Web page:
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Life is Too Short for Cloud Atlas’s Self-Indulgence

There will be times during the film of Cloud Atlas—somewhere in the dense second hour—when you will recall that the dog needs to be walked and that you may have left the coffee on, and, whatever your age, even if life is an ocean made up of many drops, you may resolve that life is too short for this errant nonsense. I stuck it out, TNR, only for you, and because I wanted to delay as long as possible the desperate plight of actually writing about the film. In the third hour, I have to admit, the disparate parts of this self-indulgent venture do make gestures of coming together.

Still, I suspect many will agree that the only emotional payoff comes in the credits. That’s when you realize that a strange cast of players take six or seven roles each over the centuries (and this film stretches from the 1840s to the twenty-second century, unless I missed something). One pastime to take you through the ordeal is to count the appearances—all routine and sub-par—of such actors as Tom Hanks, Halle Berry, Ben Whishaw, and Jim Broadbent. Still, the credits bring delightful surprises and the freshest response I could muster in nearly three hours. None is greater than the discovery of just how much Hugo Weaving does. He has six roles, I think, all worthy of his Agent Smith from The Matrix pictures, one of the most intriguing nasties in modern film, in a class with the mercurial Robert Patrick in Terminator 2.

You will recall that the three Matrix films were made by the Wachowski Brothers, Laurence and Andy, and they took in box-office income of over $1.6 billion. Well, the brothers are brother and sister now (Lana and Andy) and that may have inspired the notion of how different people can look with some help from make-up (27 people are credited in that department, though Heike Merker seems to have been in charge). The Wachowskis actually accepted an invitation to work on the film from Tom Tykwer, the German who made Run Lola Run nearly 15 years ago and who then damned his reputation with The International, an exceptional hack job.

Far-fetched as that triumvirate may be, the auteur behind Cloud Atlas is surely David Mitchell, author of the esteemed novel of the same name (published in 2004). Now, if you loved that novel, and I know people who did, you likely have dogs to walk, coffee to make, and the matter of life’s brief purpose to ponder, so don’t go near the film. I haven’t read the book, and I don’t think I could now, but there are flourishes of language in the film, let alone the very grand scheme of it all, that suggest the book is written. The film, meanwhile, has only been completed, or terminated.

I’m not going to attempt to tell you the story, but I will just say that at one point a character admits, “This is out of control.” Don’t say the Wachowskis lack humor. There are various loci in the story, going from a slave ship in the 1840s, through the 1930s and the ’70s to scenes from Neo Seoul in the 2100s. That’s more Wachowski nudging, but I think they might have gone all the way and made it Neo Soul.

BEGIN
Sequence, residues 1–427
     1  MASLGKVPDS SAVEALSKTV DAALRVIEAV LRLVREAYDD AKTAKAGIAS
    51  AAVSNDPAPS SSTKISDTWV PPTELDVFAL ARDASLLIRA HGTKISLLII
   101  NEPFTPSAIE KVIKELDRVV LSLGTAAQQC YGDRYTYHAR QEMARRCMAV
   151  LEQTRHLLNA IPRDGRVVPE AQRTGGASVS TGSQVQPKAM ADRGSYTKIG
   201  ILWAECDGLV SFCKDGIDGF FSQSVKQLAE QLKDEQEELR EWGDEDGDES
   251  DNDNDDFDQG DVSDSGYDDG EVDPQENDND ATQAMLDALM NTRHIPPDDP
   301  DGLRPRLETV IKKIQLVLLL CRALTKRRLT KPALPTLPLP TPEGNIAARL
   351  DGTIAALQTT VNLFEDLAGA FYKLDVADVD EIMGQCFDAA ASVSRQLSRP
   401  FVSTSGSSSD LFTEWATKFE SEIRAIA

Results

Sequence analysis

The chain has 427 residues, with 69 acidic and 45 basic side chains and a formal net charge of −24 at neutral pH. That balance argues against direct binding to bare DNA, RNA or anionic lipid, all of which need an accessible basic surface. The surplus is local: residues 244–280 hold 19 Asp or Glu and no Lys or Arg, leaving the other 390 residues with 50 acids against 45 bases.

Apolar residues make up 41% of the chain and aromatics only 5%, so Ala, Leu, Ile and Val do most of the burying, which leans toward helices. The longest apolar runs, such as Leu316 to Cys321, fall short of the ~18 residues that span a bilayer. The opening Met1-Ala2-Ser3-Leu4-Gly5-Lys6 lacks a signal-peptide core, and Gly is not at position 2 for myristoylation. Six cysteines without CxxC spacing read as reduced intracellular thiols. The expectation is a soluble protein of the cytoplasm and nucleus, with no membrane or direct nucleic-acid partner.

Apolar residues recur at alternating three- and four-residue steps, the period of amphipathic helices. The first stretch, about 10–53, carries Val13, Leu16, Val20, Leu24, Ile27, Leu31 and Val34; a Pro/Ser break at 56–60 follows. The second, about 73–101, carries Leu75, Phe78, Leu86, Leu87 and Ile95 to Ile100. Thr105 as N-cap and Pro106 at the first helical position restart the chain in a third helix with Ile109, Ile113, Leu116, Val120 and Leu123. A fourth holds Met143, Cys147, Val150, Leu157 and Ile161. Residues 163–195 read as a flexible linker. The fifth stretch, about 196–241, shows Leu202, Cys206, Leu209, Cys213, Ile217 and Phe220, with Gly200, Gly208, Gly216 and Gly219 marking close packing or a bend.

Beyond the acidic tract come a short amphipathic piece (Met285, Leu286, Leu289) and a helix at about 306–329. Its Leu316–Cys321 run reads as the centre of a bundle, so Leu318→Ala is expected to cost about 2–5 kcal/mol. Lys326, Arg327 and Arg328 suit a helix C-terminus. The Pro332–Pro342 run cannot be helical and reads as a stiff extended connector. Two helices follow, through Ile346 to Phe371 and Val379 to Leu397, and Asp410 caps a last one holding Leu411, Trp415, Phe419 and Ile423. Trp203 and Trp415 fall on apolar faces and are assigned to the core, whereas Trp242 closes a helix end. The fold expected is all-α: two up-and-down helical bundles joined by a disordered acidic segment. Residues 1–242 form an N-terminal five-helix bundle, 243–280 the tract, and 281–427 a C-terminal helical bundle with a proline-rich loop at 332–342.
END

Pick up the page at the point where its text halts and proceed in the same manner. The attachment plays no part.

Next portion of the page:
For a dauntingly long haul you don’t know where you are, and in a futuristic, post-apocalyptic sequence (or is it ancient pre-apocalypse) Hanks and Berry talk in a language all their own, one that seems to have been devised in a nursery. Yes, of course, this gargantuan aimlessness has a purpose: it is that in life all things hang together, that personalities persist through the ages and bad people can become good if they bear witness to love and truth. It’s so vague and stupid it seems worthy of Mitt Romney, but of course he hasn’t had three hours to spare in years, and for all I know he eschews the movies.

The credits inform us that one Wachowski or the other, or Mr. Tykwer, directed different slabs of time. It’s a specious claim in that nothing seems to have been directed at all. This is no help to the actors, and here’s where a critic has to complain. There was a time when Tom Hanks was an actor with mischief and decency mixed together in his seoul. I daresay the two Oscars, for Forrest Gump and Philadelphia, becalmed him and let him assume that he was our everyman. But in fact he was lively and touching in two Spielberg films—The Terminal and Catch Me If You Can. Since then, he has followed one misguided trail after another: The LadykillersThe Polar ExpressThe Da Vinci Code, Angels & DemonsLarry Crowne, and Extremely Loud & Incredibly Close. He is 56 now, and he is witless and wearying in this film. It’s as if middle age has destroyed the pretending gene in him. Alas, much the same has to be said for Halle Berry, who was compelling once in Monster’s Ball, but never again. Berry once had an authentic and reckless sexual energy on screen. Respectability has now descended on her along with the makeup. As for Jim Broadbent, he is a merry talent who is blithely slumming here. Ben Whishaw ought to be spanked and sent to bed early for a couple of years. He is a remarkable, fragile actor who will never have a large following—so give it up, Ben.

Cloud Atlas cost $100 million, apparently. I hope Mr. Mitchell got as much of it as possible, and I urge him never to contemplate another movie in his life. There are two intriguing performances, one from Hugo Weaving, who is getting older, I fear, but who probably doesn’t need to be directed by the Wachowskis any more. The other is by Doona Bae, who is clever, touching, and truly comic, and whose character actually seems to believe in the purported message of the film. Nearly 20 years ago, the Wachowskis made a nice, toxic little B picture, Bound, with Gina Gershon, Jennifer Tilly, and Joe Pantoliano. It was rancid, hot and mean-spirited, and quite happy with that package. Alas, the Wachowskis are now determined to save the world with goodness. Resist.